Touchstone Pictures bills "When in Rome" as a product of "the studio that brought you 'The Proposal.' " While factually accurate, this is like saying the movie was filmed with actors, using a script, a dolly grip and lots of lights, like "Ben-Hur."
Certain scenes in "When in Rome" signify nothing less than the death of screen slapstick, but I'm hoping it's one of those fake-out movie deaths where slapstick's not really dead, not forever.
The deadliest scene involves headliners Kristen Bell and Josh Duhamel on a date, stumbling around a Lower Manhattan restaurant that serves its patrons in complete darkness and a complete lack of funniness. After all, the "When in Rome" screenwriters gave us "Old Dogs" last year.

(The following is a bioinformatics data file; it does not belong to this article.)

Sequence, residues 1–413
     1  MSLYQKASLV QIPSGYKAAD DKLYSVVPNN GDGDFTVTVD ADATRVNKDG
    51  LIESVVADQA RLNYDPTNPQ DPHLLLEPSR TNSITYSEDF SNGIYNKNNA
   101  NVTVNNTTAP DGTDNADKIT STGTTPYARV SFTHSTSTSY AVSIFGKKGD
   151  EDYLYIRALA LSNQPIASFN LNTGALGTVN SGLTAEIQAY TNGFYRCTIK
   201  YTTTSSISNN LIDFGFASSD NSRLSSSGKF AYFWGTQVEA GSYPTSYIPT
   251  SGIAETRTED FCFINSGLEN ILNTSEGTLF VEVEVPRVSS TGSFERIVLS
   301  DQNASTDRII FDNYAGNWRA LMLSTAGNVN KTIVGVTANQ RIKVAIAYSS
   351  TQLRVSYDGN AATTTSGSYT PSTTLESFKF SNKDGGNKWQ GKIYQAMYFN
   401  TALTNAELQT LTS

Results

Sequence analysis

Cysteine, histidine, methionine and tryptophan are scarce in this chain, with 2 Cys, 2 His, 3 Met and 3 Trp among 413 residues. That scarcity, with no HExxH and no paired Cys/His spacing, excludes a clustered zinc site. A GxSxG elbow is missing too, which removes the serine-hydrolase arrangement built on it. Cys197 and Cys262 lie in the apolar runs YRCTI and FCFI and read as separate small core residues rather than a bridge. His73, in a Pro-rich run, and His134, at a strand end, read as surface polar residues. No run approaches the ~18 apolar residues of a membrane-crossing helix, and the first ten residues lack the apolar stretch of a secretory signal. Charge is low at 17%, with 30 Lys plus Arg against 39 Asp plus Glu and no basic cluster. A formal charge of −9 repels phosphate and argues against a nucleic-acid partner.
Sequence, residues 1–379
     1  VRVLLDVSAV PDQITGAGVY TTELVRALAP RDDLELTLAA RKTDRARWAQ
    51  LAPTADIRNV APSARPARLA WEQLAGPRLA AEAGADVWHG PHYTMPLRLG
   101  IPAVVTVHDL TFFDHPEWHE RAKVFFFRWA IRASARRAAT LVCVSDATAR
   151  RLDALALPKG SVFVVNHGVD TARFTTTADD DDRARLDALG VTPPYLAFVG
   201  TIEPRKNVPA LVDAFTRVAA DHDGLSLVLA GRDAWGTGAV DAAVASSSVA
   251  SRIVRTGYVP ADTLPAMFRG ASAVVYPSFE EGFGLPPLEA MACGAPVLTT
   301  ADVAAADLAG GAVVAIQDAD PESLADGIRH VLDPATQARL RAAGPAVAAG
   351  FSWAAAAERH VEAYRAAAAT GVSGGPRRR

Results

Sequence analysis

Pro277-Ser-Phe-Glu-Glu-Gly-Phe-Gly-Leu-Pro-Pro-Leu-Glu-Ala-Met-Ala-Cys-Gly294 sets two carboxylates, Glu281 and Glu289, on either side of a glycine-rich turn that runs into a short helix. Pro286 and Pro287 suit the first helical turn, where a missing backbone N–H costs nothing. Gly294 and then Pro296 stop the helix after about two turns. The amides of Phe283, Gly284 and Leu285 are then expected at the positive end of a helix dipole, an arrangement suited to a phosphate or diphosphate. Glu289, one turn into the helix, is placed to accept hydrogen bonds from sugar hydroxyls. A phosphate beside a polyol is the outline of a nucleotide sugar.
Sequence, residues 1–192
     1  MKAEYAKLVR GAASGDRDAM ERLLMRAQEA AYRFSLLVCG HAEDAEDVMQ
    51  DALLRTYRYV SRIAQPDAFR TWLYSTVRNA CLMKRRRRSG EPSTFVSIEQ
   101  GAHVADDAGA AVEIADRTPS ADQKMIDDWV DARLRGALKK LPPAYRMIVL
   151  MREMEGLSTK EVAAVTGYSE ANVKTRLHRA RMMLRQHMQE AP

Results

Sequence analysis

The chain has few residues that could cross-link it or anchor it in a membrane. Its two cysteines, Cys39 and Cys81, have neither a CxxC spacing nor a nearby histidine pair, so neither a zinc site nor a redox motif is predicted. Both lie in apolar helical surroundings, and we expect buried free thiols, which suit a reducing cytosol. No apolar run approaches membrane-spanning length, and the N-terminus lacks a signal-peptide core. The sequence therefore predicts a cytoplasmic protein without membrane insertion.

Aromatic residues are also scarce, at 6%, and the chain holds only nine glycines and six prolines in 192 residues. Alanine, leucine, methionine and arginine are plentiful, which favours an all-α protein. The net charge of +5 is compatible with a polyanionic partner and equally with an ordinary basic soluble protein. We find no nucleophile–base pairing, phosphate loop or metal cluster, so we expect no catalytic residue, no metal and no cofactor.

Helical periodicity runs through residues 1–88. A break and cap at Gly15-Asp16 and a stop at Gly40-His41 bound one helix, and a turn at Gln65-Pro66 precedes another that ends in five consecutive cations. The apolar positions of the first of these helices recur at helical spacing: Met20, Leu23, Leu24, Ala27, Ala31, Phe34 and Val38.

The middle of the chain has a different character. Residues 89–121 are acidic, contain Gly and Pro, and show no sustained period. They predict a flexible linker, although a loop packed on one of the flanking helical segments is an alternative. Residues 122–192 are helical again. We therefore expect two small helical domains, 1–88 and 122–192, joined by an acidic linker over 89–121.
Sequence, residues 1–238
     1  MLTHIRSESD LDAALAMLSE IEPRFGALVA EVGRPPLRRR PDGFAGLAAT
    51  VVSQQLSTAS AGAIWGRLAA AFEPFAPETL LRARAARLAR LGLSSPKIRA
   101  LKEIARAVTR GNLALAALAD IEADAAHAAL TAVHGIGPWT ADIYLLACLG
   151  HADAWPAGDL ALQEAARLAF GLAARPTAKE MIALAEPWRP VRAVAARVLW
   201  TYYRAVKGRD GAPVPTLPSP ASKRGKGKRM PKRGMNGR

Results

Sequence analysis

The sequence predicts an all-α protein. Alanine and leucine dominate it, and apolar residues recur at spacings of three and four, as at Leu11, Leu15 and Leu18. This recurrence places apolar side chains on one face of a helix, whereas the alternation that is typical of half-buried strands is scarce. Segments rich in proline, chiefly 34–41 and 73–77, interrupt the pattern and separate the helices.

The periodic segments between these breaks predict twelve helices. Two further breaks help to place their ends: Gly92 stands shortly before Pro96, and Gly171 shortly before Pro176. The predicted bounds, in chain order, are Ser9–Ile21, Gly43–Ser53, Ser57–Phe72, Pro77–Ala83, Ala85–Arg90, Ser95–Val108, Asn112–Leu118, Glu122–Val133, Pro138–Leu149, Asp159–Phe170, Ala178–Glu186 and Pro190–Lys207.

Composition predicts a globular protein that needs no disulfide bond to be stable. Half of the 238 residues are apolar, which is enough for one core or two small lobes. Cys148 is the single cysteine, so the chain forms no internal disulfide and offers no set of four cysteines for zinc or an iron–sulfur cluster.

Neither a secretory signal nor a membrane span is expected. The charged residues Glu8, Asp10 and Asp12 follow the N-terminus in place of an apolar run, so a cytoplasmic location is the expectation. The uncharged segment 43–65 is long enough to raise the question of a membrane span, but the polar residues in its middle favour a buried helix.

Beth, our heroine, is a tightly wound Type-A career-is-everything woman (daisy fresh, that character type), cursed by crummy luck with the menfolk. She's the brightest young curator at the Guggenheim Museum. In Rome for her sister's whirlwind wedding, Beth drunkenly scoops out of a magic fountain a handful of coins tossed in by lovelorn tourists who become Beth's enchanted stalkers, smitten without knowing why. These suitors are played by Danny DeVito (encased-meats impresario), Dax Shepard (would-be male model), Jon Heder (street magician) and Will Arnett (painter). That's one coin more than "Three Coins in the Fountain," for the record.